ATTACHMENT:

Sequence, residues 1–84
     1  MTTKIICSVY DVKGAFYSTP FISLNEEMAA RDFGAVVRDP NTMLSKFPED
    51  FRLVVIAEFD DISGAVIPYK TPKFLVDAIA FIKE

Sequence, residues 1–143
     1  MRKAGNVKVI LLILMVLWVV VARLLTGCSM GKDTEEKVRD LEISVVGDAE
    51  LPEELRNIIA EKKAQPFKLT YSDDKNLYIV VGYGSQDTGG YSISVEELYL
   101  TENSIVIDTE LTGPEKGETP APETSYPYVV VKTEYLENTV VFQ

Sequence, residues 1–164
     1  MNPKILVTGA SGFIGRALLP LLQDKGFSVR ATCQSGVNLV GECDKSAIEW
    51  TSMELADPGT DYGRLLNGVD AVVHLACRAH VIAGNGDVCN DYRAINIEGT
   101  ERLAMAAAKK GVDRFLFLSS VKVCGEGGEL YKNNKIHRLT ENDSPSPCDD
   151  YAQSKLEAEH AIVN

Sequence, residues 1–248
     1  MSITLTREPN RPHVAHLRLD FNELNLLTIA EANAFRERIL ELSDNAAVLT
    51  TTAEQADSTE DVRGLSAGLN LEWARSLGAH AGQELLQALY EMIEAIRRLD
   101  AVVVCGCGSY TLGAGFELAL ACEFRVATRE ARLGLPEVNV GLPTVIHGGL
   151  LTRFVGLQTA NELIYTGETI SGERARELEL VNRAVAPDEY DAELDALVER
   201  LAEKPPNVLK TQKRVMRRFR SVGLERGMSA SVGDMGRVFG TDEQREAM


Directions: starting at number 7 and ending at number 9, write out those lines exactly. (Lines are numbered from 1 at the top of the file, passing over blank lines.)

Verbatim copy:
   101  TENSIVIDTE LTGPEKGETP APETSYPYVV VKTEYLENTV VFQ

Sequence, residues 1–164
     1  MNPKILVTGA SGFIGRALLP LLQDKGFSVR ATCQSGVNLV GECDKSAIEW